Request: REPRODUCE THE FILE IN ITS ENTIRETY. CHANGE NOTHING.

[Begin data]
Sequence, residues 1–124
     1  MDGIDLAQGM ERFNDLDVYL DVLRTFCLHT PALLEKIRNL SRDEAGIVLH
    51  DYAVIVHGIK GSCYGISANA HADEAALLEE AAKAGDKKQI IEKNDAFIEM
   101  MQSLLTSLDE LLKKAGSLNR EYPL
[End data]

Sequence, residues 1–124
     1  MDGIDLAQGM ERFNDLDVYL DVLRTFCLHT PALLEKIRNL SRDEAGIVLH
    51  DYAVIVHGIK GSCYGISANA HADEAALLEE AAKAGDKKQI IEKNDAFIEM
   101  MQSLLTSLDE LLKKAGSLNR EYPL